“The COST programme is different from many other programmes funded by the European Commission in the sense that COST supports networking – networking in its best sense. Unlike other programmes the aim of COST is to create a network as broad as possible. Another difference is that the membership is individual, not institutional. Therefore, it is possible to expand this network practically endlessly.”

Prof Mart Susi, Professor of Human Rights Law at Tallinn University of and Chair of COST Action ‘Global Digital Human Rights Network‘ (GDHRNet).

“The added value of COST is the opportunities to create new and expand existing research collaborations, to gain experience for presenting research results in the interdisciplinary framework, and involve young people in international networks. The projects have been supportive for the evolution of my own research ideas. For instance, the collaboration with researchers from different countries and fields has led us to the research addressing the development of new forms of working and working spaces that support the adaptation to growing uncertainty caused by the pandemic, war, political and economic tensions.”

Prof Tiiu Paas, University of Tartu, member of COST Action ‘The Geography of New Working Spaces and the Impact on the Periphery‘ (NewWorkingSpaces).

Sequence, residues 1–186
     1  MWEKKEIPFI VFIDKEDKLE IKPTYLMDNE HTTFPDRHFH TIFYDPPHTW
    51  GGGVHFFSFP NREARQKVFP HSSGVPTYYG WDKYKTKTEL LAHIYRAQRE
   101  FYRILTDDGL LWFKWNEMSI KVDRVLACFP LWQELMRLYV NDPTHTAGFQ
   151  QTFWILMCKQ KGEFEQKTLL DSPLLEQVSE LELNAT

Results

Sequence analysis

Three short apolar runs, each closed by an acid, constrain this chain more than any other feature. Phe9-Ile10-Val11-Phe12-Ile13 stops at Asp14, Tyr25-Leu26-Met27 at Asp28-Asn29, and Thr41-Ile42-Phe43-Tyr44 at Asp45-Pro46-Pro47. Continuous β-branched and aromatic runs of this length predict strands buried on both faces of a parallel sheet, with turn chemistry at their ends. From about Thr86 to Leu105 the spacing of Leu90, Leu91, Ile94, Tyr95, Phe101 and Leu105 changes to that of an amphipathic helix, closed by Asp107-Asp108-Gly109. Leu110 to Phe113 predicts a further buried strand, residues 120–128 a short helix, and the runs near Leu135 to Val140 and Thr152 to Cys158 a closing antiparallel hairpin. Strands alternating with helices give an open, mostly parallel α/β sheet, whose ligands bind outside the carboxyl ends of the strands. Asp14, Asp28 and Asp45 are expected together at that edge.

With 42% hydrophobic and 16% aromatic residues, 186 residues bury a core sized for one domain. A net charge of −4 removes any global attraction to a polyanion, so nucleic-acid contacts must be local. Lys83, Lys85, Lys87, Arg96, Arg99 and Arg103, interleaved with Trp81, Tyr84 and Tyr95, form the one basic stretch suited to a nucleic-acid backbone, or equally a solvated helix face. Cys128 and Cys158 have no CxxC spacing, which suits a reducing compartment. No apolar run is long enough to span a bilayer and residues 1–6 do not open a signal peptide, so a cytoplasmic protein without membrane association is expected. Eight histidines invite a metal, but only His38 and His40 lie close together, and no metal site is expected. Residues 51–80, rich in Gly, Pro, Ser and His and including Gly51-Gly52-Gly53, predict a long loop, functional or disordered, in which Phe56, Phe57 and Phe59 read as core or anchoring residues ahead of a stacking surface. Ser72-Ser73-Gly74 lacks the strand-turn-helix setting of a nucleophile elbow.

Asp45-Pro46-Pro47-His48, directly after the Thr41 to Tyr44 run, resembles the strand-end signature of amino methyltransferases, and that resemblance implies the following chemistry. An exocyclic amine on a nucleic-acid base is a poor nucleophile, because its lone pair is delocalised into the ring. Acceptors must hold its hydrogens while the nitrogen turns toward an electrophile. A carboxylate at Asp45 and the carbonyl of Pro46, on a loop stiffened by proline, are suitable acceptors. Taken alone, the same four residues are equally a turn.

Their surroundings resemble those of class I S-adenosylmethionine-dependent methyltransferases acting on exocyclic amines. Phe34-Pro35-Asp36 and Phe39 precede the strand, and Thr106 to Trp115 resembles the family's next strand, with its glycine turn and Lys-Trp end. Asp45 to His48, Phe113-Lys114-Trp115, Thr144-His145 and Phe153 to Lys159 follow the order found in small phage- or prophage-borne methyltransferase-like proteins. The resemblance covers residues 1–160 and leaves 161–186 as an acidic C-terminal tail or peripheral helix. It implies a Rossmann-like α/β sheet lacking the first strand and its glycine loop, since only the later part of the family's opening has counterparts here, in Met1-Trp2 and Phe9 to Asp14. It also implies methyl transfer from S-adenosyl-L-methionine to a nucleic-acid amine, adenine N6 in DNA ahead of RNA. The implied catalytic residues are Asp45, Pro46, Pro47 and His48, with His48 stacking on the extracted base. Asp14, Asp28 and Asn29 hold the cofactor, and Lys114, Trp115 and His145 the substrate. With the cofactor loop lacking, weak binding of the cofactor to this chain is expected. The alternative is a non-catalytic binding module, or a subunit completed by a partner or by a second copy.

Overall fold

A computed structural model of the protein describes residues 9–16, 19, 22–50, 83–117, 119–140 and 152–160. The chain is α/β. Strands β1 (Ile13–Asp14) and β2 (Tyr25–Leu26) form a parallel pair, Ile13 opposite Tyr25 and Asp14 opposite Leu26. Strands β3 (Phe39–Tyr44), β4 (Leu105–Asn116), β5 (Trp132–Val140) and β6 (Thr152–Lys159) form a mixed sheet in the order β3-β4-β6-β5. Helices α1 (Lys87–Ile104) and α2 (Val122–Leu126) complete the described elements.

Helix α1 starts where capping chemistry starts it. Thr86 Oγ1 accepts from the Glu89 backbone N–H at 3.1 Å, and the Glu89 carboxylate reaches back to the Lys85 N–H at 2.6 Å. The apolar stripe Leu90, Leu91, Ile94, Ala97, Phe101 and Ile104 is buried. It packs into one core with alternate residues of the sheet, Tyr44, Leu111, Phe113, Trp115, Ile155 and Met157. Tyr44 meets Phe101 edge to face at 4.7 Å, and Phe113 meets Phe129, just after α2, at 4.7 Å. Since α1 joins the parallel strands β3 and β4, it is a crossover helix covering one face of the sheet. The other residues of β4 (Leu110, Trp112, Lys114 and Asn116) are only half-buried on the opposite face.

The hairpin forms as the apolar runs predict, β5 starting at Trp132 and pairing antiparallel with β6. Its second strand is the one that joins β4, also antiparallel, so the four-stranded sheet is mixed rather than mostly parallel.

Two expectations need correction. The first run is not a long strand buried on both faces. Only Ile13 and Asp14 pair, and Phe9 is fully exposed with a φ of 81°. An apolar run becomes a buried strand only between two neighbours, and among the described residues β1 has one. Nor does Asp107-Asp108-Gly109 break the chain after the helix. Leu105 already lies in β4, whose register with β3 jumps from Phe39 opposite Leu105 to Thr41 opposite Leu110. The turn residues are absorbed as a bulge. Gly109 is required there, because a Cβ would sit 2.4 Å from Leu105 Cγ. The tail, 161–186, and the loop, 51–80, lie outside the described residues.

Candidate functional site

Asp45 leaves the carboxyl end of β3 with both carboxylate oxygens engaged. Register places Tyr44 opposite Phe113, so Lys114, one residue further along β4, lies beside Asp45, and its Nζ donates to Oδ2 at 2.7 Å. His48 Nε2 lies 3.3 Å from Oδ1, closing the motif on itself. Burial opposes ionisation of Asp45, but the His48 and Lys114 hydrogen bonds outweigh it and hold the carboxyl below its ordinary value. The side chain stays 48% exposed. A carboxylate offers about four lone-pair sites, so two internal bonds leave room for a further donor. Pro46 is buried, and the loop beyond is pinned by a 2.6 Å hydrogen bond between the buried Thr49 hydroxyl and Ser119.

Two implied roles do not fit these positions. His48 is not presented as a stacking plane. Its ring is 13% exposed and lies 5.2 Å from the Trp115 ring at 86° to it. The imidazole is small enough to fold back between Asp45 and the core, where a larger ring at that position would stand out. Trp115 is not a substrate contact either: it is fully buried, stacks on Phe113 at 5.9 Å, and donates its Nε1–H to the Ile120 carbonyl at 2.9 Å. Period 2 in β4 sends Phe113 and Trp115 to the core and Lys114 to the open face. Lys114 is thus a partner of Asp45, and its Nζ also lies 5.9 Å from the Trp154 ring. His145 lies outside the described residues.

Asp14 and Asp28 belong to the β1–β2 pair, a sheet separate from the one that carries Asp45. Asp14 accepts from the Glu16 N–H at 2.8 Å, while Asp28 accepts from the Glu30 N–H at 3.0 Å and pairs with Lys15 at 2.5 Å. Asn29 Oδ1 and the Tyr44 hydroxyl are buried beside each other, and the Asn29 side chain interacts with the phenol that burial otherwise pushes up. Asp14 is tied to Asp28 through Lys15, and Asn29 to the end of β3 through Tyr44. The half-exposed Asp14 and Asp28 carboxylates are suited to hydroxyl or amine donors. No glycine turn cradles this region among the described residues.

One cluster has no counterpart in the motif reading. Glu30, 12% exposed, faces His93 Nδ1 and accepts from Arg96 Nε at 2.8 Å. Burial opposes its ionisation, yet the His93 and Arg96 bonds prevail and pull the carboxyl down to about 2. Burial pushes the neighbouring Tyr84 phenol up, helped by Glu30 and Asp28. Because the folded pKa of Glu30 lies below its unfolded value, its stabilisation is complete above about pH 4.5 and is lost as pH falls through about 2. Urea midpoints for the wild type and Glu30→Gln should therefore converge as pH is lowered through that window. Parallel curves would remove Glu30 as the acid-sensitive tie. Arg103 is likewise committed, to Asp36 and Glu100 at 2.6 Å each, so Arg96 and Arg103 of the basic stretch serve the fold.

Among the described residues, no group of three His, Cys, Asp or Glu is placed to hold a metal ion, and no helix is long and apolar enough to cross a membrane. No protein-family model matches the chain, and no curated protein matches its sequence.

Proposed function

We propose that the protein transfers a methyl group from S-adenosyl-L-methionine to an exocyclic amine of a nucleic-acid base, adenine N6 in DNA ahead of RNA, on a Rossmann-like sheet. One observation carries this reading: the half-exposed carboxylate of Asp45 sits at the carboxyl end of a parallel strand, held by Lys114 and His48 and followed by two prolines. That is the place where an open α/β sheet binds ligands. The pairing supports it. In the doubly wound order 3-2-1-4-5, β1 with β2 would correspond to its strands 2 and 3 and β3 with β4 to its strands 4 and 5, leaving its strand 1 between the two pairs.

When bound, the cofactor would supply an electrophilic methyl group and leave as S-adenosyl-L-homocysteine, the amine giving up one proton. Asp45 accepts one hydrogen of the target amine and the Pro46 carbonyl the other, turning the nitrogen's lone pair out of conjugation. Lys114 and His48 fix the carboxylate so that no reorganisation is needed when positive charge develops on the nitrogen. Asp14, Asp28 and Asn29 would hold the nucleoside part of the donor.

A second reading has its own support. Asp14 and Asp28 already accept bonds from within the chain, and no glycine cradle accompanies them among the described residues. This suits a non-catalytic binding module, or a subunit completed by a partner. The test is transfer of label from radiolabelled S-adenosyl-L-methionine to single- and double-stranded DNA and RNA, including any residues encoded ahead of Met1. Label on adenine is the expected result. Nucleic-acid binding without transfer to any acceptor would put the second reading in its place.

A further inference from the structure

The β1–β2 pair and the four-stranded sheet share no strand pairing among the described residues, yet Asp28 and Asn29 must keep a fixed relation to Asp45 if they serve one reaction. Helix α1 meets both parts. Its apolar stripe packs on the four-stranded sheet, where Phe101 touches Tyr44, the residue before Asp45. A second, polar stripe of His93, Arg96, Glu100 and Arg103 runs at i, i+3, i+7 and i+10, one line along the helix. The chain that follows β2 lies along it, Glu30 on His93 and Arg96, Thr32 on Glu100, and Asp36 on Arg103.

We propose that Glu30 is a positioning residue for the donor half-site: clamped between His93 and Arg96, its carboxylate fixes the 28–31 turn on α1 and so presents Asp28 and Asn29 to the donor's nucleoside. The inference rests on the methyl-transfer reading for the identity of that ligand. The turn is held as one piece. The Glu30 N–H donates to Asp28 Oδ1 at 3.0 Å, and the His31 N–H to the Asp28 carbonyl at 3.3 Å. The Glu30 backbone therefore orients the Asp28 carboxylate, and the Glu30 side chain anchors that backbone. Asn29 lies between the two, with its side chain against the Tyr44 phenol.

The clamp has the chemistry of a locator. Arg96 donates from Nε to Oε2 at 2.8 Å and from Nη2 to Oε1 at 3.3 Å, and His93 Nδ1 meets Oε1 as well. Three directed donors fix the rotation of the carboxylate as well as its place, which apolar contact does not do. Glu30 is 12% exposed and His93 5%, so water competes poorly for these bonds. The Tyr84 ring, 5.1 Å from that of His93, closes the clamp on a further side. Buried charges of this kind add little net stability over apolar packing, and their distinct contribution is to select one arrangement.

“Small countries such as Estonia are inherently benefiting from COST Actions as small and big countries have an equal representation of participants in the Management Committee. My lab has been active in several successful Actions, most recent of which was ‘Anti-Microbial Coating Innovations to prevent infectious diseases’ (AMICI), 2016-2020. In this Action I was nominated to lead one of the central tasks and was a core group member.

Most importantly, this network led to the publication of 8 joint scientific papers in my team with key participants of this Action. In addition, students and post-docs from other labs worked in my lab. My lab’s students and post-docs worked in the lab of Prof. William C. Keevil (University of Southampton, UK) during their short-term scientific missions.

Finally, my lab hosted a successful AMICI seminar in Tallinn (2017) and was active in all the annual and working group meetings of AMICI. Thus, this COST Action has been a real success story for my lab.”